February 12, 1918
In the city of Liverpool the adherents of Association football have had the rare privilege of watching Fred Geary, Jack Southworth, Alexander Young, Bert Freeman, and Bobby Parker play centre-forward for Everton, while George Allan, Sam Raybould, Jack Parkinson, and Fred Pagnam have filled the same eventful position for the rival club Liverpool.
Tommy Bennett, Liverpool F.C.
The first man I ever saw play centre-forward for Everton was Nicholas John Ross, but that is merely by the way. With such experiences over many years the people who dwell on either bank of the Mersey are naturally confident they know a centre-forward when they see one, and at the present time they pin their judgment to Thomas Bennett, of Liverpool. With their verdict it is impossible to disagree.
Bennett has bounded to renown during the war. He is the discovery of the emergency football of the period and has won such a reputation since November, 1916, that his future will be subject of tremendous curiosity when the fighters come back from the battlefields of two continents.
Trained in Canada.
Born in Walton, Liverpool, in 1891, he played as a boy at inside right during one season for Venice-street School. When Thomas Bennett was 12 his father, who was a seafaring man and a good runner, especially over a mile, emigrated to St John’s, New Brunswick, and took his family with him. For three years the youth did not play football, but when his folks went further west to Montreal he became attached to the Montreal Royal Rovers, and remained six years with that club.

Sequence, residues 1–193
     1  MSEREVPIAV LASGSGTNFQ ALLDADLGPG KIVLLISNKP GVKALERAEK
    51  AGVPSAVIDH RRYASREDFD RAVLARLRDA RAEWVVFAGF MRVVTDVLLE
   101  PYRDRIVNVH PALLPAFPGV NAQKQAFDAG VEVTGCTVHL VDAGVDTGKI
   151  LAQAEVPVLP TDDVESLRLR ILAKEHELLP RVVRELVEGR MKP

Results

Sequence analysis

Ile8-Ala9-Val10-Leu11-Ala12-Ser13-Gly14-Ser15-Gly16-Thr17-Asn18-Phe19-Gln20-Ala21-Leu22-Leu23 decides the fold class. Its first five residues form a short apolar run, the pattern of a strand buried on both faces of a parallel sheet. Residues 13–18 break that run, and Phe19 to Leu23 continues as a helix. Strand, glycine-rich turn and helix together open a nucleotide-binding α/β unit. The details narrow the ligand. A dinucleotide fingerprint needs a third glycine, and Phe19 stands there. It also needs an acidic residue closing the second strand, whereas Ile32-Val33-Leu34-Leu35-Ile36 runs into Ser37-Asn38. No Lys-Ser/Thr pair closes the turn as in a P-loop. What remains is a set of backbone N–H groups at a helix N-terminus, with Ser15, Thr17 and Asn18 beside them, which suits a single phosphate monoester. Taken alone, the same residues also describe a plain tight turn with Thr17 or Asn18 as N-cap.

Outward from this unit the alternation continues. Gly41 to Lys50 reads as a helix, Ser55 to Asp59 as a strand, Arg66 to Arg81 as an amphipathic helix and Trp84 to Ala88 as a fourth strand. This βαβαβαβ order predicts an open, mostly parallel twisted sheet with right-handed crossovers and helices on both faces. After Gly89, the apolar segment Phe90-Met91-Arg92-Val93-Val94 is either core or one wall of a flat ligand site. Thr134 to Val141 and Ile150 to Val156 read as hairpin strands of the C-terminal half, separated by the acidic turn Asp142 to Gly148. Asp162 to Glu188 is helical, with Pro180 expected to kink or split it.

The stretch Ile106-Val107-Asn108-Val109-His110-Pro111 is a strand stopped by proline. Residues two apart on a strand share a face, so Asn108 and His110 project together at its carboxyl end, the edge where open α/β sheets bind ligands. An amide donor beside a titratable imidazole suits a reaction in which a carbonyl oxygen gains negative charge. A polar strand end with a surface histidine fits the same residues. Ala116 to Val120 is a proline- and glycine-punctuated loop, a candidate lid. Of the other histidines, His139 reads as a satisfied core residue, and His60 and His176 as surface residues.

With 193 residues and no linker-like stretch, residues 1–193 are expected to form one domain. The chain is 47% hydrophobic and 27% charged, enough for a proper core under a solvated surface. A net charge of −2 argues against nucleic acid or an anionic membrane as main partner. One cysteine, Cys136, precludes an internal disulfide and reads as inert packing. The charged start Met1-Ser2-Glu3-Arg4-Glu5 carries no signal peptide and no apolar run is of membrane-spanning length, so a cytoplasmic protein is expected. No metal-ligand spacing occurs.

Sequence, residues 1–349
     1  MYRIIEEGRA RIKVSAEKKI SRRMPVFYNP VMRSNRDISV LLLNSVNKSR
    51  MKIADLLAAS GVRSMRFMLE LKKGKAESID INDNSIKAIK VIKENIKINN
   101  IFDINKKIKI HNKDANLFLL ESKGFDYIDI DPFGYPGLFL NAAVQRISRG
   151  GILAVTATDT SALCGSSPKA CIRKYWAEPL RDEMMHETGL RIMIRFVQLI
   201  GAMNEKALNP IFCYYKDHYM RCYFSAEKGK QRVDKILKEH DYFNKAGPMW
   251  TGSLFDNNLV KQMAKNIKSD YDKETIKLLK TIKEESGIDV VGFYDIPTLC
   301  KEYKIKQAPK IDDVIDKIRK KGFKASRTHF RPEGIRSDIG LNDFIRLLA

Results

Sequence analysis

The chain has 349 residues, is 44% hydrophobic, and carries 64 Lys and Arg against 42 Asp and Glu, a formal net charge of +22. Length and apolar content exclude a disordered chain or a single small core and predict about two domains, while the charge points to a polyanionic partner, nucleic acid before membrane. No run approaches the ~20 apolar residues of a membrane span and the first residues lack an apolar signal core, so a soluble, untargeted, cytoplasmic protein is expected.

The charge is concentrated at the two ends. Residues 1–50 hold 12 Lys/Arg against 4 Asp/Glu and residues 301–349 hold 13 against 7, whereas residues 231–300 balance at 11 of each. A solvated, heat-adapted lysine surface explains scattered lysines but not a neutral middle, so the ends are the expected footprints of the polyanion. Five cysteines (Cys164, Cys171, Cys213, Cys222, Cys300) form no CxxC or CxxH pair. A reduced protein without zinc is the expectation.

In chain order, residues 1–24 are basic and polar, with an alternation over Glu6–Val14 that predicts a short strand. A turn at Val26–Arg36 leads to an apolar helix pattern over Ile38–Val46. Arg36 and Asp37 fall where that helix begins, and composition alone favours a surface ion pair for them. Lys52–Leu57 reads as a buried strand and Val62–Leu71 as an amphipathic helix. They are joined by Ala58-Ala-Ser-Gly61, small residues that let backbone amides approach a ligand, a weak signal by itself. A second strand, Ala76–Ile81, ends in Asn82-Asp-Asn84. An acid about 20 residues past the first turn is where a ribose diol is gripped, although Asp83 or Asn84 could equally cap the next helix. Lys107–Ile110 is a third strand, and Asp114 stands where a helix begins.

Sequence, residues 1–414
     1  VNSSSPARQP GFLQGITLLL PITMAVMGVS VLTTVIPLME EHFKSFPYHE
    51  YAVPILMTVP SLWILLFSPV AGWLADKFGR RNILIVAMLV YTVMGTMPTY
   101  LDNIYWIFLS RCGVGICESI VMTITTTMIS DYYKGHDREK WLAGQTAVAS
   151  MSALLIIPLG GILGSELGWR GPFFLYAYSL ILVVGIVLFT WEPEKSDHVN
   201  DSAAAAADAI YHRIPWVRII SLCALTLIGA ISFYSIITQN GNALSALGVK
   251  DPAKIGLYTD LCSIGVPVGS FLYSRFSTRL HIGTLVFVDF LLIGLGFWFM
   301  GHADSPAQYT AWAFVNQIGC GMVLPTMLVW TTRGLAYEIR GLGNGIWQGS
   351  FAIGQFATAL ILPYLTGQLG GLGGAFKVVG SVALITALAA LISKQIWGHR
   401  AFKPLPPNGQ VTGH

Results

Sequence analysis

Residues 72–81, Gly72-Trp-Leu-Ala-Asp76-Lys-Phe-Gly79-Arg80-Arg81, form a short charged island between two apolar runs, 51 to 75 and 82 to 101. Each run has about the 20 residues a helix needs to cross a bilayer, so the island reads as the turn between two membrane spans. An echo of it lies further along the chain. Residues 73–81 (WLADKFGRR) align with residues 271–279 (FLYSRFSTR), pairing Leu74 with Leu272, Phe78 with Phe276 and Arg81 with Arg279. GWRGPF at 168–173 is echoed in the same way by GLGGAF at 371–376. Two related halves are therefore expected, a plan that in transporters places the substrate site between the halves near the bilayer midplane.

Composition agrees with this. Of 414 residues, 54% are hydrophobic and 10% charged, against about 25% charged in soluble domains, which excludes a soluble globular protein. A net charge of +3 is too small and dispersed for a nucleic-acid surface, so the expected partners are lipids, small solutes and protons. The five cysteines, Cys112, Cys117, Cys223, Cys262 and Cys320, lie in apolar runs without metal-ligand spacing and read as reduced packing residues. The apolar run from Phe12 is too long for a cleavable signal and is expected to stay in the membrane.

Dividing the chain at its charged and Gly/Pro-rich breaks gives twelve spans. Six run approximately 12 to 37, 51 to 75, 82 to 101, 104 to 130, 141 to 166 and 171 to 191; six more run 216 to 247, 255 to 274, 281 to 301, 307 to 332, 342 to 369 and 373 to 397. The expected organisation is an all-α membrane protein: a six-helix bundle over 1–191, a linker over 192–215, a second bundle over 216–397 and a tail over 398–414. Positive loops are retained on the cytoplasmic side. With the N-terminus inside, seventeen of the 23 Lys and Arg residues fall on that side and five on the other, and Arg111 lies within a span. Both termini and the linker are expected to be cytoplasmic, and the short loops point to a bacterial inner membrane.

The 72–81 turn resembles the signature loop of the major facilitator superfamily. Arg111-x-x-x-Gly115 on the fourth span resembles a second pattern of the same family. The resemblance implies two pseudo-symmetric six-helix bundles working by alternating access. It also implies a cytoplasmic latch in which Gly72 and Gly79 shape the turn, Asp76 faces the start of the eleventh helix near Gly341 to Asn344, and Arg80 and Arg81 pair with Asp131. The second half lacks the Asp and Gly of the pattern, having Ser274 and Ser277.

He was their inside right, shared in the honours of the local league, and in his last three seasons took part in their “international” match between England and Scotland. He was also one of the Montreal team against Toronto, and in his fifth year appeared against the Corinthians when they visited Canada. For two months in his fourth campaign with the Rovers he helped the Charlestown club at Boston, where Stanley Fazackerley was playing at inside left.
Advised by Mr. W.G. Hay, a Scottish referee across the Atlantic, to return to England, he re-crossed the ocean. Glasgow Rangers, Newcastle United, and Liverpool were on the look-out for him, but the late Mr. Tom Watson had the advantage, as Bennett’s friends lived in his natal city.
However, in November, 1913, Bennett turned out for Everton Reserves against the Marine, a local team, and scored three goals, but after a month’s trial as a centre-forward he was not retained.